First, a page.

Sunday, January 20, 2013

On ideology and overincarceration: Explaining conservative support for criminal-justice reform

Reacting to the announcement by Bill Hammond at the Texas Association of Business' that the group will support criminal justice-reform measures this session, the Austin Statesman was quick to point out that:
It’s a welcome message, but it’s not original with Hammond. Former District Attorney Ronnie Earle was delivering that sermon throughout a law enforcement career that spanned three decades.

Asked for his reaction to Hammond’s pronouncement, Earle’s comment was typically pithy: “TAB just affirmed that the world is round.”

Alternatives to incarceration have been a cause célèbre with liberals for years, arguments about the high cost of staffing and operating prisons gained traction with even the most conservative members of the Texas Legislature.
Hammond's message may not be "new" (certainly Grits readers won't find it particularly novel), but messengers matter and among Texas legislators, particularly in the GOP, TAB enjoys a megaphone among both the leadership and newer, conservative members.

Grits would dispute Ronnie Earle's contention, though, that TAB has merely copied liberals, a meme which misunderstands what's going on here. Like the Texas Public Policy Foundation, Hammond and Co. have reached similar policy conclusions to liberals on a narrow range of issues, but based on a quite different ideological basis. That's possible in part because much in criminal-justice policy comes down to math and process. The math of overincarceration doesn't work; that's the "earth is round" part that everybody sees. But conservatives differ from liberals like Earle in how they view the process. After all, the "State" in "State v. Smith" is the same government that grassroots conservatives believe can't tie its own shoes in any other facet of public life.

What's new here is a growing willingness to apply small-government conservative values to criminal justice, which in the past has sometimes seemed exempt from such critiques. This new trend has perhaps been furthered by the rising use of criminal law to replace traditional tort liability and government regulation. But as a representative of some of the state's largest employers, TAB also cares about Texas having an educated and productive workforce, goals that are sometimes hindered by overcriminalization and a byzantine array of occupational licensing restrictions, which was a central issue the group focused on at their announcement. TAB's entry into the criminal justice realm represents both an example of enlightened self interest and the ascendance of conservative ideology to the furthest reaches of state government activity.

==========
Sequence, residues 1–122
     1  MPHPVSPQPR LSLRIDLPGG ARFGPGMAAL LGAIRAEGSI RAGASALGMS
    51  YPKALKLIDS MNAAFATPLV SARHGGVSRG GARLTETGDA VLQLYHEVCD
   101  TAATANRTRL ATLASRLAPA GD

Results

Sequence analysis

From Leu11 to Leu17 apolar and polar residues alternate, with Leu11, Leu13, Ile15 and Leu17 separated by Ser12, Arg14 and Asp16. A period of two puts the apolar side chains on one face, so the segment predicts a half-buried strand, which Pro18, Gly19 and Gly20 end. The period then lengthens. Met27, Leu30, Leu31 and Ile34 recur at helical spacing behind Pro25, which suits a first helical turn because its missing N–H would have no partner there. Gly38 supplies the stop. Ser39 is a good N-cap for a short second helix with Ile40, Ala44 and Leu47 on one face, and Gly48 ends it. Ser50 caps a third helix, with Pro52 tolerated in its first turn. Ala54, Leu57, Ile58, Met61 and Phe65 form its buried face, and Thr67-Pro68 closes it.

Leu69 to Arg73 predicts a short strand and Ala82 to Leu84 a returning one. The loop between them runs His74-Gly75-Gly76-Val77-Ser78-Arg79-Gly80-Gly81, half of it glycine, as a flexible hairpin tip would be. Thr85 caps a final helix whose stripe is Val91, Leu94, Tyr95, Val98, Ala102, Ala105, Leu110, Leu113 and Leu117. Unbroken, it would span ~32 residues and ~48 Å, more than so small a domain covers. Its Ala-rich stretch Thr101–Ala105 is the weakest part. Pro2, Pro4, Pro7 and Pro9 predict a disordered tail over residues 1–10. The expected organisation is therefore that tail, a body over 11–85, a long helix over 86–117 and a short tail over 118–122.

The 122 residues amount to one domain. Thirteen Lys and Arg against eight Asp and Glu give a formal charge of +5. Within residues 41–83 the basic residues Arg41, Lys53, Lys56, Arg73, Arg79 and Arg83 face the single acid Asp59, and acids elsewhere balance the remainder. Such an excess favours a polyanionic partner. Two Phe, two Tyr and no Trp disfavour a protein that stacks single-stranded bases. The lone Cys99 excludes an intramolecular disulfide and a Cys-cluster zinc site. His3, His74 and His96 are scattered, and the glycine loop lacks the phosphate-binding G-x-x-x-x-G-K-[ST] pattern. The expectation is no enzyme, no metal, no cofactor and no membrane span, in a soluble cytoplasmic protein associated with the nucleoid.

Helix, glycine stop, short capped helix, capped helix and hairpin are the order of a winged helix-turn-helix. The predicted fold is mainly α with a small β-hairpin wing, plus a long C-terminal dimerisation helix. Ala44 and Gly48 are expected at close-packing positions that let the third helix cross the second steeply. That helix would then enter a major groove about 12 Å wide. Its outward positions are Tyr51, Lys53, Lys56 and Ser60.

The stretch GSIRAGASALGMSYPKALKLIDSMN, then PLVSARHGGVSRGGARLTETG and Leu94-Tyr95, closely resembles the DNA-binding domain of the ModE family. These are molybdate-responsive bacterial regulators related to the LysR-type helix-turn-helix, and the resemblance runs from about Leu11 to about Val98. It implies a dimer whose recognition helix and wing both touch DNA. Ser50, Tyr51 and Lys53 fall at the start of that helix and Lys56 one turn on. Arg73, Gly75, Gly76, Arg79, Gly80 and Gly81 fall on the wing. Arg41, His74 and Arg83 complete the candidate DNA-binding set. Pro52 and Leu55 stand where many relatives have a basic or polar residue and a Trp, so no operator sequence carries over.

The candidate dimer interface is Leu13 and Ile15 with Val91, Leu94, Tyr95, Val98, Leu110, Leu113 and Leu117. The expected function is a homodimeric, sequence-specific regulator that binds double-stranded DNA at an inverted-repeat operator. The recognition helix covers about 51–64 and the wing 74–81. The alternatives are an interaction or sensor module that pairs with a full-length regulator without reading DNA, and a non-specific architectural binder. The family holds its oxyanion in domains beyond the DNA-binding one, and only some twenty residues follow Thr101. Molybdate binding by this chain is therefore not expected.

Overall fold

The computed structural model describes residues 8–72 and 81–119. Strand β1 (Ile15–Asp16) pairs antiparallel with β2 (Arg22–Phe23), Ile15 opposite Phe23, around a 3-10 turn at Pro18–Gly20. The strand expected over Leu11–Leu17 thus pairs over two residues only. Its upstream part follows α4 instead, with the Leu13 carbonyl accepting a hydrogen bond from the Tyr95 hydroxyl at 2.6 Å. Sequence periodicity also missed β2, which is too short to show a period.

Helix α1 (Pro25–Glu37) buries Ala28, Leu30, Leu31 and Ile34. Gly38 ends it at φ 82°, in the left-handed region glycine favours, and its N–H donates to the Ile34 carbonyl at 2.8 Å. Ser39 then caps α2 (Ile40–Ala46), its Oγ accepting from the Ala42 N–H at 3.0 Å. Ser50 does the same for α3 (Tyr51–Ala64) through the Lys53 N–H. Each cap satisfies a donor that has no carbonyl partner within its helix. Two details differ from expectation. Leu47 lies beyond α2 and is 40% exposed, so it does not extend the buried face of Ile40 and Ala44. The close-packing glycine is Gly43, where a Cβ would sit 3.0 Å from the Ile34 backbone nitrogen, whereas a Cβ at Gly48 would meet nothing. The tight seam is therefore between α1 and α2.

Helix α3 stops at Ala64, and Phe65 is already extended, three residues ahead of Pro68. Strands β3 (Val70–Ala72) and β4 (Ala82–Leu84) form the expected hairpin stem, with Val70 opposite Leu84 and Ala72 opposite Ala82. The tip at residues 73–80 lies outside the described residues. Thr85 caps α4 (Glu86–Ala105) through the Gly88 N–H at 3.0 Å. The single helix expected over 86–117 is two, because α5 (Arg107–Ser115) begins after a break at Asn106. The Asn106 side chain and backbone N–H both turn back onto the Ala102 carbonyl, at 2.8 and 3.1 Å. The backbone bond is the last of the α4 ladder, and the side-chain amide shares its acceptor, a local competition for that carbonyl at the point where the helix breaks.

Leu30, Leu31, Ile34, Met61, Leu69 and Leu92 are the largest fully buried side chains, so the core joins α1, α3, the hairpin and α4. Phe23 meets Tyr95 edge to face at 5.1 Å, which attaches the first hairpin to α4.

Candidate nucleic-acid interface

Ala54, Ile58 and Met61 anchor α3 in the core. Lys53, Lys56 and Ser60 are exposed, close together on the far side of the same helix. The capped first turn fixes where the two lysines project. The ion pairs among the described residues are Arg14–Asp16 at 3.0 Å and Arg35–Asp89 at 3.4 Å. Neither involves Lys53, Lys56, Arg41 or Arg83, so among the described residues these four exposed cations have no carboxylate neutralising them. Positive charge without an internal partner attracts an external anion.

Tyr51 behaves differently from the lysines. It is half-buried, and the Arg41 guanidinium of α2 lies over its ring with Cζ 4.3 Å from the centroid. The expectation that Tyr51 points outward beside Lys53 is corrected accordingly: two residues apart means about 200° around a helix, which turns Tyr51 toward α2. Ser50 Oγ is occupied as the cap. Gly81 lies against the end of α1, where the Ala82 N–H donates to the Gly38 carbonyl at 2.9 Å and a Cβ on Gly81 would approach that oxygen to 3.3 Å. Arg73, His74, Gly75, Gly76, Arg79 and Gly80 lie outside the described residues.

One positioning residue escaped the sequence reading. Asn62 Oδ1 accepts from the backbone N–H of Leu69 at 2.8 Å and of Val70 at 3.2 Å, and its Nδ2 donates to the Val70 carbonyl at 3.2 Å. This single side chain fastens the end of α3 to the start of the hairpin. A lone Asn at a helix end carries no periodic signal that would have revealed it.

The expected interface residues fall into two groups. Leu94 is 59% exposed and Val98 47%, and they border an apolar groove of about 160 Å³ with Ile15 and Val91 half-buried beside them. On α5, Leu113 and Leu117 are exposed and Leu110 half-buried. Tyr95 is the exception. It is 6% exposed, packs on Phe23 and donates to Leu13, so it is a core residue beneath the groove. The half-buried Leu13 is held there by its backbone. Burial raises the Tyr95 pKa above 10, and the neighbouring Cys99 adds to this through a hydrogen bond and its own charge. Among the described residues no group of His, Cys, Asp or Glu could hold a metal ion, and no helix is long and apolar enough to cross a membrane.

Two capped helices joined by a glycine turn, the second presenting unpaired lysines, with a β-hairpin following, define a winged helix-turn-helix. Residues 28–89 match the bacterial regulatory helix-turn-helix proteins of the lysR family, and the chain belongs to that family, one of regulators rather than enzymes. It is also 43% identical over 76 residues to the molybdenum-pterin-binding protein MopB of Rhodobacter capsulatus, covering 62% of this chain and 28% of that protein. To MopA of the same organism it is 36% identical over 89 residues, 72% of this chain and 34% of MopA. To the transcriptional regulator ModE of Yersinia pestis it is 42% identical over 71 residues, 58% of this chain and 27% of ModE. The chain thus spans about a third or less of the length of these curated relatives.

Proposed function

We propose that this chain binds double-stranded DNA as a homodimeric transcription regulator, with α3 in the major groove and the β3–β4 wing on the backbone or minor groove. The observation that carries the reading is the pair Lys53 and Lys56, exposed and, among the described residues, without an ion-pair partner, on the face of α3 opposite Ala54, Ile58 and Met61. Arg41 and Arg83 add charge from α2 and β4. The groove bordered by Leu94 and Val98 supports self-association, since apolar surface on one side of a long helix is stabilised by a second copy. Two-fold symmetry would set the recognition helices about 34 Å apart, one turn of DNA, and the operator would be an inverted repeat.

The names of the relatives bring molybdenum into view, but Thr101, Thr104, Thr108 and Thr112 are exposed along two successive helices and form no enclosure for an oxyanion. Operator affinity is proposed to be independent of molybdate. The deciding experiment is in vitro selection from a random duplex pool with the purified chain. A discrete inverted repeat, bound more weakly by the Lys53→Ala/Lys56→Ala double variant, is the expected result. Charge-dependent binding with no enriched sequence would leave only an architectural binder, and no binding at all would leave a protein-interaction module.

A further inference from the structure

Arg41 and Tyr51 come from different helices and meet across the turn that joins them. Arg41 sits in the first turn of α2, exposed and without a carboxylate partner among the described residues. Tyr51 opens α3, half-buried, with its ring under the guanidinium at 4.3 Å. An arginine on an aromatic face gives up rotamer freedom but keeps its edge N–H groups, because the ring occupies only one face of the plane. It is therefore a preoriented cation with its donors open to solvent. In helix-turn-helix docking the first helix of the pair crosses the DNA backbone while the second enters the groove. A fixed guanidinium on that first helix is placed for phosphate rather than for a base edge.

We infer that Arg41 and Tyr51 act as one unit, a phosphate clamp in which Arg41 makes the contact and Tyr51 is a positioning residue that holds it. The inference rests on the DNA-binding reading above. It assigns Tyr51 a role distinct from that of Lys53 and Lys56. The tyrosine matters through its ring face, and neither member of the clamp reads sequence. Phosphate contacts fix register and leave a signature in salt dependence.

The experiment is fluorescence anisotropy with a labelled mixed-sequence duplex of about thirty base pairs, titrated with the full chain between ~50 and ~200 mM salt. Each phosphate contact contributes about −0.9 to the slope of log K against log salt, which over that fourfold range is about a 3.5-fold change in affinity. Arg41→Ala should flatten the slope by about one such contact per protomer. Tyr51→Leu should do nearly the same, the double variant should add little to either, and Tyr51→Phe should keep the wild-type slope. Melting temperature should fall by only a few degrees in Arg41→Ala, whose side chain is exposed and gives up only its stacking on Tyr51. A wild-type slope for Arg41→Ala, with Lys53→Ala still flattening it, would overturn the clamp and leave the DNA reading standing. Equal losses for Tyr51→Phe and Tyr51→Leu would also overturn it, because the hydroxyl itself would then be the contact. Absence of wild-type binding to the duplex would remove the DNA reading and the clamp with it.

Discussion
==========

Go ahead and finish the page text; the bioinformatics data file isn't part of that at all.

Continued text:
There are other dynamics at play that make reform perhaps more likely than in the past. For example, while liberals may tremble at the disapprobation of police unions - a political force which has rebuffed countless reform efforts - to some ideological conservatives they're just another public-employee union at the government trough. And the unions reciprocate their distrust. Last year, the executive director of the Combined Law Enforcement Associations of Texas, John Burpo, referred to grassroots conservatives as the "Forces of Darkness," warning his membership that a "cabal of anti-union, anti-public employee businessmen out of Houston" was out to gut their pensions.

The same goes for prosecutors. Last session, the Texas District and County Attorney Association's Shannon Edmonds lamented what he called the "new math" applied by the Tea Party toward prosecutors: "This session's infusion of Tea Party sentiment in the legislative process has affected the standard law and order calculus that we use to gauge the potential fate of various bills. That 'Tea Party sentiment' can be boiled down to this: 'The government is the enemy. You work for the government. Do the math.'" Whether that's actually reflective of "Tea Party sentiment" remains to be seen - I suspect the paranoid comments about "cabals" and "enemies" are overblown calumnies - but that's how the Texas prosecutor and police-union lobbies perceive the state's new wave of conservative legislators.

The embrace of criminal-justice reform by ideological conservatives doesn't reflect a conversion to liberal views, as Ronnie Earle contended, so much as a serendipitous alignment of interests, driven partially by facts on the ground and partially by the conservative movement maturing to the point where at least some of its adherents no longer feel threatened when their views may lead to strategic collusion with those who believe differently than them. Legislators take hundreds of votes each session. A mature politician understands that, on any given issue, partisan distinctions may not be determinative, and it's been a great achievement of the Texas Legislature since the GOP took over that criminal-justice issues can frequently be approached in a bipartisan, fact-driven fashion, as evidenced by evolving positions in the business community regarding incarceration, its costs and consequences.

RELATED: "Six Impossible Things': Do you believe in a conservative, rational and smaller corrections budget?"

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